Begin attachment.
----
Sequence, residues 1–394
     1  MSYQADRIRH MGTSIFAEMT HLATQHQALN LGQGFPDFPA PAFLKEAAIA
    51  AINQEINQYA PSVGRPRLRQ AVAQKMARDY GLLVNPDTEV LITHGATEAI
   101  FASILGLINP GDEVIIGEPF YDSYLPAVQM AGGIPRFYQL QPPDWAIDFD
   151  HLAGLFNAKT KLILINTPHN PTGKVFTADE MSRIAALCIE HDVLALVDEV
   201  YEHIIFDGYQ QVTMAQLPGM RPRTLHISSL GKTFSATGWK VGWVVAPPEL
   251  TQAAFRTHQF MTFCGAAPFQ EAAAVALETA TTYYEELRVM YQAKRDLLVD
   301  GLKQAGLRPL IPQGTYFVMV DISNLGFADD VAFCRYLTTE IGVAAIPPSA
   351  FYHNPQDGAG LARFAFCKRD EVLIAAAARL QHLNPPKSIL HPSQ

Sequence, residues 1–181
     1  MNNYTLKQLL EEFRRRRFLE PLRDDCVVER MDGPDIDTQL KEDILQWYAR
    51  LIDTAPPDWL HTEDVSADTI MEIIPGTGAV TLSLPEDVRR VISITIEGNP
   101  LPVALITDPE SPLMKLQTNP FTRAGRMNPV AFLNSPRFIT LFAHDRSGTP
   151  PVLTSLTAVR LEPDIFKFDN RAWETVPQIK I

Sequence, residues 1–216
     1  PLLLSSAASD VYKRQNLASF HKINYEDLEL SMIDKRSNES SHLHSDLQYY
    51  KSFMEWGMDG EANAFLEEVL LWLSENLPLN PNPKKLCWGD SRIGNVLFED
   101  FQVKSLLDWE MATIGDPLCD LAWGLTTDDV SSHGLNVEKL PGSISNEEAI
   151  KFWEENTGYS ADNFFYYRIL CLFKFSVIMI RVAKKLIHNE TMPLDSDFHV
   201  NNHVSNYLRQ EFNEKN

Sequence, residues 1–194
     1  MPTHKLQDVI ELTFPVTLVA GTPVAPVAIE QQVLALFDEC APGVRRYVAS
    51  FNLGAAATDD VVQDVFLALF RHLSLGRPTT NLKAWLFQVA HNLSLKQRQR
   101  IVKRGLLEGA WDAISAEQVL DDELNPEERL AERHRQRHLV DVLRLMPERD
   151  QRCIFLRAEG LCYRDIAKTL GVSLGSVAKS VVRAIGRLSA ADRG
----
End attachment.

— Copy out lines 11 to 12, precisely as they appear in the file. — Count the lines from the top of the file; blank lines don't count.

     1  MNNYTLKQLL EEFRRRRFLE PLRDDCVVER MDGPDIDTQL KEDILQWYAR
    51  LIDTAPPDWL HTEDVSADTI MEIIPGTGAV TLSLPEDVRR VISITIEGNP